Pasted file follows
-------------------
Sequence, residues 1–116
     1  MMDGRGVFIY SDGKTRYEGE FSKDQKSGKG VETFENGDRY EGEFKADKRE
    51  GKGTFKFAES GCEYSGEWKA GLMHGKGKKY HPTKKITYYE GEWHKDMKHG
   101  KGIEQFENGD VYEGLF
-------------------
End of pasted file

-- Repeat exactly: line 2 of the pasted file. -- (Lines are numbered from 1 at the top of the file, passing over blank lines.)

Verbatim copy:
     1  MMDGRGVFIY SDGKTRYEGE FSKDQKSGKG VETFENGDRY EGEFKADKRE